Cognitive Behavioural Therapy (CBT) for addiction

In this article a patient describes their own experience with how CBT helped them to start recovering from addiction.

Many people struggle with different forms of addiction. Alcohol, behaviours, substance, gambling and plastic surgery are often the more obvious examples. Unfortunately, diagnosing and treating addictive illnesses can be highly challenging. The addict first needs to acknowledge that there is a problem, then have the courage to seek help followed by on-going maintenance to avoid a relapse. There is no 'one-size-fits-all' type of treatment for addiction, everyone is different. If one form of treatment doesn’t work for you, you may want to consider others. One treatment option that has shown promising results is Cognitive Behavioral Therapy (CBT). So, let’s look at some of the benefits of CBT for treating addiction.

What is Cognitive Behavioral Therapy?

Before learning about the benefits of CBT for addiction, it is important to understand the concept. CBT is a hands-on psychological treatment where the patient and the therapist work together to achieve healing. Specifically, through CBT, you identify the negative thought patterns that facilitate your unhealthy behavior. Once you identify the patterns, you focus on changing them.

Furthermore, with the help of your therapist, you can learn new healthy behaviors that can replace unhealthy ones. Of course, those negative patterns can result in many other conditions apart from addiction. That is why CBT isn’t used only for treating addictions but for other mental disorders. These include anxiety, depression, post-traumatic stress disorder, and eating disorders.

What are the benefits of Cognitive Behavioral Therapy for addiction?

Now that you understand the concept let’s look at some benefits.

No. 1 CBT helps develop positive thought patterns

One of the most significant benefits of Cognitive Behavioral Therapy for addiction is that it helps you develop positive thought patterns.
One of the most significant benefits of Cognitive Behavioral Therapy for addiction is that it helps you develop positive thought patterns.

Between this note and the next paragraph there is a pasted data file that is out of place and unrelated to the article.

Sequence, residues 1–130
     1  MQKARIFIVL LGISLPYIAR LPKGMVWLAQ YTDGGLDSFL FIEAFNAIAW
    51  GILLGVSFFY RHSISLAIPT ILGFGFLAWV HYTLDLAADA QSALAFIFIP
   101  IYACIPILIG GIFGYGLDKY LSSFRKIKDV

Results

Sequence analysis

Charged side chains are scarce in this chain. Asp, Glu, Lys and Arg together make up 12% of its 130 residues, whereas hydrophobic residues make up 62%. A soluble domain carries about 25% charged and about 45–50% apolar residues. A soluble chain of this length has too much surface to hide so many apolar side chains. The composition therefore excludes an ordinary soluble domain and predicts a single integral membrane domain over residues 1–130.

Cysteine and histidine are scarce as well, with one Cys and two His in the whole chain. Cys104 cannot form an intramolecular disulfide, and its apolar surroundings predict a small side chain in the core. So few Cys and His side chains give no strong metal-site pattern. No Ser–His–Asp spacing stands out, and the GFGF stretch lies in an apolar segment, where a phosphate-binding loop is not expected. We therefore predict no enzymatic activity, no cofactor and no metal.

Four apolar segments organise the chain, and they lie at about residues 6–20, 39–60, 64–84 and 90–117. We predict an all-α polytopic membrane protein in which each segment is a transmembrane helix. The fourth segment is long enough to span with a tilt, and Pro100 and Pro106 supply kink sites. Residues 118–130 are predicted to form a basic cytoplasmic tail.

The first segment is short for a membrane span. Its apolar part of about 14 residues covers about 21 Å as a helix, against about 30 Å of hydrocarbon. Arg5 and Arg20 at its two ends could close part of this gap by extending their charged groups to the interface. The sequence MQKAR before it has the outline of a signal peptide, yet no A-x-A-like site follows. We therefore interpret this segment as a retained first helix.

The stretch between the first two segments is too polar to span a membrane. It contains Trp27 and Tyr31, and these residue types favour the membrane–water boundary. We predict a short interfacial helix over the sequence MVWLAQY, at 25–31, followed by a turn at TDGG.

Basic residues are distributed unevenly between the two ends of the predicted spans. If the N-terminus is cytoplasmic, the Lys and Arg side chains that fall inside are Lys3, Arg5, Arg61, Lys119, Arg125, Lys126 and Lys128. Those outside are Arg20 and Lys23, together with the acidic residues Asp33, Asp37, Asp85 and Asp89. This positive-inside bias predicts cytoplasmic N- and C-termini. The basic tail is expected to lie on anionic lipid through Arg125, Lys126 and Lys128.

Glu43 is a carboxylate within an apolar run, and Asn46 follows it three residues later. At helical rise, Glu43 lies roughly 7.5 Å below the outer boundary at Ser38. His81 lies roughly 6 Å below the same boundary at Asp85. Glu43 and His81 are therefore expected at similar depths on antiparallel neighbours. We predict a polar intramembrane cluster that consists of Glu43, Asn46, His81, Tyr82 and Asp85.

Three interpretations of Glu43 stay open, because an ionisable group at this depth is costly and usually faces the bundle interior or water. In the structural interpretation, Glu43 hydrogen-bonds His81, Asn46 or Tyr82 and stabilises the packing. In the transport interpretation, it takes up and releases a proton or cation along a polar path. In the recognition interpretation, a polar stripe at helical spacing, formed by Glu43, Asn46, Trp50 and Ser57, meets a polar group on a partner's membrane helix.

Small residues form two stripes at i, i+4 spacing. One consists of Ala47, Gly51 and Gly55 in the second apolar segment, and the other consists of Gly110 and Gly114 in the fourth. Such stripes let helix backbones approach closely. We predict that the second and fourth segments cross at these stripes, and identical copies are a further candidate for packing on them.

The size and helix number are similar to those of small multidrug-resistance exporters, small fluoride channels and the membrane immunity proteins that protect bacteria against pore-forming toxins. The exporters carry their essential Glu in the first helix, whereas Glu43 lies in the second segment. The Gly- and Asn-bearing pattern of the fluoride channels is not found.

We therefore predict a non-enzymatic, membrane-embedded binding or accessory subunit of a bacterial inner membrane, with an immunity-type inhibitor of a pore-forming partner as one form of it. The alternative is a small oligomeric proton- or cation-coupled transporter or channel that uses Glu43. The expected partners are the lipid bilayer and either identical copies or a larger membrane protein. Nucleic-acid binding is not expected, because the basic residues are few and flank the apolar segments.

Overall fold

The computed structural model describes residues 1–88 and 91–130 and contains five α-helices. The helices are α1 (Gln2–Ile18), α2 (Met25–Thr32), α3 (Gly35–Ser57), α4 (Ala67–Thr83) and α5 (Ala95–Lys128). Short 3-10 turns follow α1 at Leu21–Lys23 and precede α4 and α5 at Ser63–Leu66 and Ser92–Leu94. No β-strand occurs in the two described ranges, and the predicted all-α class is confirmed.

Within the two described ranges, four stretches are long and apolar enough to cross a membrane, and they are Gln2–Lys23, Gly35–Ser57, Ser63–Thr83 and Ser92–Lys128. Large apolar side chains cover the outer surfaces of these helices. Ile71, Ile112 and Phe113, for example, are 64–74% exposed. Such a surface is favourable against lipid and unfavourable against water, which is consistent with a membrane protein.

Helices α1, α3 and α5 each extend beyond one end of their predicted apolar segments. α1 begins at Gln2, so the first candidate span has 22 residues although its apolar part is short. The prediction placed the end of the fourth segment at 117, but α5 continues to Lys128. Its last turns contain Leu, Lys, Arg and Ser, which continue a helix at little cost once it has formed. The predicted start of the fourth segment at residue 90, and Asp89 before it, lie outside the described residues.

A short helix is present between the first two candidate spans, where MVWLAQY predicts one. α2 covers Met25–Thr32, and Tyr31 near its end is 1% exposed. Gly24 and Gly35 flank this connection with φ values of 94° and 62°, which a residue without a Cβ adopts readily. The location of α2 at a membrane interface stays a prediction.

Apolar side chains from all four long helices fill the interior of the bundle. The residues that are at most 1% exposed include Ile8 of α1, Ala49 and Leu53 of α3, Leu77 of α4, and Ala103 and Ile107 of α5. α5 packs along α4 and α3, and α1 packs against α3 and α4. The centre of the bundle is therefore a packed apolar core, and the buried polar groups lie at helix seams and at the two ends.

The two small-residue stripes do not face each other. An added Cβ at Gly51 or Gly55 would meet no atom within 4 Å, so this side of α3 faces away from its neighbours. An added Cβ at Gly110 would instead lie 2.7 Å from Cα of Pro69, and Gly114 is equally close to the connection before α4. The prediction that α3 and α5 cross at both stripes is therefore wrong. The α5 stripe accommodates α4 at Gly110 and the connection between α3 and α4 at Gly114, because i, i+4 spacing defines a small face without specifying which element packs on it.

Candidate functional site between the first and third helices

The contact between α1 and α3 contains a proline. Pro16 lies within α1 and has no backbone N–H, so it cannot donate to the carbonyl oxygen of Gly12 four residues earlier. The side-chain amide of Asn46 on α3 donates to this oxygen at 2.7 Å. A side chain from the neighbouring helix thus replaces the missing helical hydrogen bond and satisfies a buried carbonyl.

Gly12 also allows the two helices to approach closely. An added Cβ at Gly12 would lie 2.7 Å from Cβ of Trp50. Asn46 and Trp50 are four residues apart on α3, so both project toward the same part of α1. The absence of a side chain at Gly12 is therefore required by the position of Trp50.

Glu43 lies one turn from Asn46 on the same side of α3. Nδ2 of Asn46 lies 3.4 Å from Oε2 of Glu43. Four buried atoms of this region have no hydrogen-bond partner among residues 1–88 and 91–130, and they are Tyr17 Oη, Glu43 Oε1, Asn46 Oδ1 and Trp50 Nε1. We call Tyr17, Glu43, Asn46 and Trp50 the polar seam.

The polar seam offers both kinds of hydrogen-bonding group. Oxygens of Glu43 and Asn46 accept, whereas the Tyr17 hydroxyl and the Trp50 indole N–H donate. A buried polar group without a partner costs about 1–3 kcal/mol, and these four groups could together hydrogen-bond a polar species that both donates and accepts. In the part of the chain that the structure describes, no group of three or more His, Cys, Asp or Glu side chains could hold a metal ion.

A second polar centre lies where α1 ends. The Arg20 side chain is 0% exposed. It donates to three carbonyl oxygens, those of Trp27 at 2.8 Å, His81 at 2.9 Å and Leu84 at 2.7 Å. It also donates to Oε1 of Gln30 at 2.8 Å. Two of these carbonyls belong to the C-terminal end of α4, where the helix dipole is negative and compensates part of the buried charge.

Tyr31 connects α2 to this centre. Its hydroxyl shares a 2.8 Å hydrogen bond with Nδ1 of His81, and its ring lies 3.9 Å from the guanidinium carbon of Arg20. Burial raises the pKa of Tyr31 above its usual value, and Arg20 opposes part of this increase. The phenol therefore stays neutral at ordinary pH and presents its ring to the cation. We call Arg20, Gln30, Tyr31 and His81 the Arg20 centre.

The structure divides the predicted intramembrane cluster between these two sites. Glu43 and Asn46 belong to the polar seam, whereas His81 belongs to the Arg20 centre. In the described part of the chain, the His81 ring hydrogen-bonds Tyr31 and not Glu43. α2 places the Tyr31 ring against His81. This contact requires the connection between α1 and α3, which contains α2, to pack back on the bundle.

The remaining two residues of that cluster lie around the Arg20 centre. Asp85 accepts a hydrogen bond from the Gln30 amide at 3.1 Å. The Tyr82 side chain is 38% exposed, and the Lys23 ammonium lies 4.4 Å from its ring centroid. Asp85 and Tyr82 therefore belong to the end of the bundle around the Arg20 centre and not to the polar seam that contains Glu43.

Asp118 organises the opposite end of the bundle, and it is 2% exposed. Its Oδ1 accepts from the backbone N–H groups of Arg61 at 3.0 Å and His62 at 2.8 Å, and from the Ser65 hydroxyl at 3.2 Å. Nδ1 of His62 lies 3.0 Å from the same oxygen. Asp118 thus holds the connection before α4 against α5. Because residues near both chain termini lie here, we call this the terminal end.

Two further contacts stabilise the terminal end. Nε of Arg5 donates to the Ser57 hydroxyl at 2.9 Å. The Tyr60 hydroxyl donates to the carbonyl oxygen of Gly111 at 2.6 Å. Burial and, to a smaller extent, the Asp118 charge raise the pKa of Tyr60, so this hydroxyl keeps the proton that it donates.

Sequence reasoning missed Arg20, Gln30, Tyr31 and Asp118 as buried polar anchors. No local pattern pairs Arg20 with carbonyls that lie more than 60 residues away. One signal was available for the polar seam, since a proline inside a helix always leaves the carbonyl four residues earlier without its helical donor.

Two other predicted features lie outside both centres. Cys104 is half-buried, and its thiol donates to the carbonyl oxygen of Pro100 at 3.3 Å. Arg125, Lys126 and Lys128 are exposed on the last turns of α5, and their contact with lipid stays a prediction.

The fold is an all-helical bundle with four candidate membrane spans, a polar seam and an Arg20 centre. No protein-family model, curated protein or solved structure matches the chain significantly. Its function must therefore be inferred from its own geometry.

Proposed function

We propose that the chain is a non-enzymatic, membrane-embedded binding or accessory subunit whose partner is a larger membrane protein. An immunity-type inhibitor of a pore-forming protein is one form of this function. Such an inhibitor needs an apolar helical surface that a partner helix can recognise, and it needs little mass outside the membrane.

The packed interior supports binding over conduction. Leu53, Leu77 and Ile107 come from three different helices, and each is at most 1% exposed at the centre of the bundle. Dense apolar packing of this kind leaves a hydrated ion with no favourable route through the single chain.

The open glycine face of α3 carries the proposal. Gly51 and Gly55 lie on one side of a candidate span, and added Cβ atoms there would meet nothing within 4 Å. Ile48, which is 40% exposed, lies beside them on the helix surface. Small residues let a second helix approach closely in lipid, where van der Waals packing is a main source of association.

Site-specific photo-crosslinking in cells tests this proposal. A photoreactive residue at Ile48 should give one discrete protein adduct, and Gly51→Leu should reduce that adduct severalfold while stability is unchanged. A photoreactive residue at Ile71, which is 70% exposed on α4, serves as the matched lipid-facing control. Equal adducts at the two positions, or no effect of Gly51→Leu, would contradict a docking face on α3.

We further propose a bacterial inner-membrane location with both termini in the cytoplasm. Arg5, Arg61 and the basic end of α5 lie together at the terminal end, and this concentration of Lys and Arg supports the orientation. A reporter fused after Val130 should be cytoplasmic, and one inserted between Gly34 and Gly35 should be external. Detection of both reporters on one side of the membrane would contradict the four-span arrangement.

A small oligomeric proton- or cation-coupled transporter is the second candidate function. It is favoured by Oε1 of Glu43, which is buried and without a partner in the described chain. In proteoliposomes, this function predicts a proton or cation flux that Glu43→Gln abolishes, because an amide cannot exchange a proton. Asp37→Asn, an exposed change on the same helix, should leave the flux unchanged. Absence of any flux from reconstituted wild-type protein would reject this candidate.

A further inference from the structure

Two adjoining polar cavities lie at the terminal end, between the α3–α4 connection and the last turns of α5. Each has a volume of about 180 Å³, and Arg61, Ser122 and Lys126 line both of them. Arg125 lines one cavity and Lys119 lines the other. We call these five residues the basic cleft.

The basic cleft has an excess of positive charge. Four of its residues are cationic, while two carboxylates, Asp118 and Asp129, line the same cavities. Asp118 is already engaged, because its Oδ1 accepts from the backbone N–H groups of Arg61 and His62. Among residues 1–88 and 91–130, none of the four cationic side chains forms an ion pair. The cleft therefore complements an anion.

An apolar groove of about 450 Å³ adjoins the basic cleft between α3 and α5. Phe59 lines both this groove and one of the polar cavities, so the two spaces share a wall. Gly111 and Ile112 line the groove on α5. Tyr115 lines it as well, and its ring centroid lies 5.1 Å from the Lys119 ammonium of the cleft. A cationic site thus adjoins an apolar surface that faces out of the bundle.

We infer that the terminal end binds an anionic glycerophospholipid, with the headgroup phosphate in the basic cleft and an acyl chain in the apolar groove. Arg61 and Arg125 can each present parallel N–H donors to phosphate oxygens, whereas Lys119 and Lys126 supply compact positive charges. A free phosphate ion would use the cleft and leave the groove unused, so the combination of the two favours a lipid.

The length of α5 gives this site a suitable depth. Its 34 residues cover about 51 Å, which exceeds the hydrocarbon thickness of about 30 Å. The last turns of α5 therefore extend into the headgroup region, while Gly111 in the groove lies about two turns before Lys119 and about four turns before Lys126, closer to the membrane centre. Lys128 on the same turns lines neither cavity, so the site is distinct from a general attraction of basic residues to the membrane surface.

Life is hard. There’s no denying it. The problem is that all those personal, professional, and financial problems we often encounter create negative thought patterns. And if you’re not careful and don’t know how to properly manage them, they can easily result in unhealthy behaviors. For instance, many people start using substances to escape their troubles.

But what’s even worse is that addiction subsequently creates even more negative thought patterns. Thus, addicts feel overwhelmed and can no longer cope with everyday situations. But Cognitive Behavioral Therapy teaches you how to turn negative thinking into positive ones. Once you no longer expect only bad outcomes, you’ll be more inclined to try solving your troubles rather than avoid them by engaging in unhealthy behaviors.

One of the most significant benefits of Cognitive Behavioral Therapy for addiction is that it helps you develop positive thought patterns.

No. 2 CBT improves your self-esteem

Happy thoughts
CBT helps you improve your self-esteem and makes you want to make positive changes.

Addiction is often brought on by low self-esteem. But it also causes low self-esteem. Specifically, addicts usually feel like they are not worth saving. Thus, instead of trying to find the best rehab, they engage in even more unhealthy behaviors.